Acc 290 Comparing Ifrs to Gaap

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Comparing IFRS to GAAP

Serge Baptiste and Team

January 15, 2015

ACC/290 Principles of Accounting I

University of Phoenix

Louann Schloss

Comparing IFRS to GAAP

The differences and similarities between IFRS and GAAP can be tremendous. Our team discussed a bunch of topics to help compare both subjects.

GAAP (US Generally Accepted Accounting Principles) is the accounting standard used in the US, while IFRS (International Financial Reporting Standards) is the accounting standard used in over 110 countries around the world. GAAP is considered a more “rules based” system of accounting, while IFRS is more “principles based.” The U.S. Securities and Exchange Commission is looking to switch to IFRS by 2015. Both GAAP and IFRS aim to provide relevant information to a wide range of users. However, GAAP provides separate objectives for business entities and non-business entities, while the IFRS only has one objective for all types of entities.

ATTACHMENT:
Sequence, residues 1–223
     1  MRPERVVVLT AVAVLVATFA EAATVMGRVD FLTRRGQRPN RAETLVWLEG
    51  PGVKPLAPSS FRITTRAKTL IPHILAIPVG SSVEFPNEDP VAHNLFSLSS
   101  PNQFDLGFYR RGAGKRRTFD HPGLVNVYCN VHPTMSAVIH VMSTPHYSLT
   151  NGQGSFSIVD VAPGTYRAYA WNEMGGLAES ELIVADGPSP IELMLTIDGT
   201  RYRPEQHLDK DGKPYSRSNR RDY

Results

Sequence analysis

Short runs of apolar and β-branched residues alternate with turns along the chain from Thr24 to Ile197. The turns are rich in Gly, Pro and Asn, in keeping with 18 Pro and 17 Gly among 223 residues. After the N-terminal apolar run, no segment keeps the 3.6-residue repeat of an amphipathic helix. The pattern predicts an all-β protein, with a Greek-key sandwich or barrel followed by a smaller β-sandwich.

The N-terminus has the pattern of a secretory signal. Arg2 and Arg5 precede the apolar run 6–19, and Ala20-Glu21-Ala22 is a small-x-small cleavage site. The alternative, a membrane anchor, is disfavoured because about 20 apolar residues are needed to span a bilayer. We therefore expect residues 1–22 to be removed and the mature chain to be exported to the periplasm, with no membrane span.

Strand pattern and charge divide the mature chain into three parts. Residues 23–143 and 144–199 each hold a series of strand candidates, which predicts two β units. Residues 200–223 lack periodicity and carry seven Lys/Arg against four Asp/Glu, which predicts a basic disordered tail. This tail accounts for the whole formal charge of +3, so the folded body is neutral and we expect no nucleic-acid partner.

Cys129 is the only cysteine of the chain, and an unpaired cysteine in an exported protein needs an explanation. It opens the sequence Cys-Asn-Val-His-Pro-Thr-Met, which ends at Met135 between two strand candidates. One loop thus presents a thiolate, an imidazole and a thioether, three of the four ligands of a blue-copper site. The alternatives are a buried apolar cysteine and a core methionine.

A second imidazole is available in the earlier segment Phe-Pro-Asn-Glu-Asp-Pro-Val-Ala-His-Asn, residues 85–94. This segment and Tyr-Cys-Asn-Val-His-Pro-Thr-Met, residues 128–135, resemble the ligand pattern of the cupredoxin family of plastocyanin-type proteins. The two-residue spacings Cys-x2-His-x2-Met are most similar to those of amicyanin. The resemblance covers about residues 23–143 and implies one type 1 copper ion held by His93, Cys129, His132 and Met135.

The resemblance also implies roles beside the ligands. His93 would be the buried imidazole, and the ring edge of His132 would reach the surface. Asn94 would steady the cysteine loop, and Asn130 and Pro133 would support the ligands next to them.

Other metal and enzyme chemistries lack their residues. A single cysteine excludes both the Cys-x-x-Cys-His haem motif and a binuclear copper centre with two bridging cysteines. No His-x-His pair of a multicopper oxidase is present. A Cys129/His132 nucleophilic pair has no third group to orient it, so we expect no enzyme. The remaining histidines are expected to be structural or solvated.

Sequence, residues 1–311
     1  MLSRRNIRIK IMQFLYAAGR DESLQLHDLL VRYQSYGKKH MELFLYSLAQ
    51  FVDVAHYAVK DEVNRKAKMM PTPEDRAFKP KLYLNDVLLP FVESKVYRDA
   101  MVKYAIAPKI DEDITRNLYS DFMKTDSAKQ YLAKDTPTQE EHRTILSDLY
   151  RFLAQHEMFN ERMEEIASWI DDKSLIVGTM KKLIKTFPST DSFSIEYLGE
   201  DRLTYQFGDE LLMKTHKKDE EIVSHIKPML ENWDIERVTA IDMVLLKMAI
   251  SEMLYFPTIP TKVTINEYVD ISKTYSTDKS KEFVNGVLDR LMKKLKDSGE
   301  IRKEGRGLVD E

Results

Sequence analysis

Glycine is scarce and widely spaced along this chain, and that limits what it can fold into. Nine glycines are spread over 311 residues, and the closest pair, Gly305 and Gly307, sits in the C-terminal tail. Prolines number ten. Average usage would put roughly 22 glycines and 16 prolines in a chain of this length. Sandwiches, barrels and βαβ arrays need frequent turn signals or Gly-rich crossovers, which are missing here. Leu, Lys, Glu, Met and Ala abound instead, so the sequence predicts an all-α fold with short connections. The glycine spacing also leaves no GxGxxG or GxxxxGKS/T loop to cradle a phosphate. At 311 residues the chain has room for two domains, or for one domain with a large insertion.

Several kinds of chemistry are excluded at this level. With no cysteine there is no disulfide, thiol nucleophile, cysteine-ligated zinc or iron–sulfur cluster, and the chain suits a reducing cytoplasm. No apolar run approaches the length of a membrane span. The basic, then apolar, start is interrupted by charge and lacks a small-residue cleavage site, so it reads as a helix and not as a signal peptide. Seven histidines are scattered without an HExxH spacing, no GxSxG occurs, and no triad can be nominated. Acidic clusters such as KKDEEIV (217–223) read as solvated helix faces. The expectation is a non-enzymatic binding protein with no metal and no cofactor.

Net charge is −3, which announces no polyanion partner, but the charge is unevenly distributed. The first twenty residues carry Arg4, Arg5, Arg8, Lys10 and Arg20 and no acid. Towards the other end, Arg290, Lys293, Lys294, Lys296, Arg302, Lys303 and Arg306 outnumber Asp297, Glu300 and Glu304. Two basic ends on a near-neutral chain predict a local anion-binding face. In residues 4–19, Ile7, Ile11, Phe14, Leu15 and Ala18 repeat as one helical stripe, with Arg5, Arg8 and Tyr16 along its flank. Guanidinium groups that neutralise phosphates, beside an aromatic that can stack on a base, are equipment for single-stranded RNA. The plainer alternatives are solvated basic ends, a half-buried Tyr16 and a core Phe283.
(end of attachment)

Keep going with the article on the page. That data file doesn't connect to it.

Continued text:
According to Kimmel, P. (2013) “The format of statement of financial position information is often presented differently under IFRS. Although no specific format is required, most companies that follow IFRS present statement of financial position information in this order: Noncurrent assets, Current assets, Equity, Noncurrent liabilities, Current liabilities. Under IFRS, current assets are usually listed in the reverse order of liquidity. For example, under GAAP cash is listed first, but under IFRS it is listed last.”

IFRS does not require a specific order classification of accounts for the statement of financial position. It is loosely recommended that companies reports assets in reverse order of liquidity. The main goal is to give users of financial statements a clear understanding of the company’s asset structure. Most companies today just report their assets in reverse order based off their liquidity. GAAP on the other hand requires that all the accounts are in a specific ordered based on the liquidities...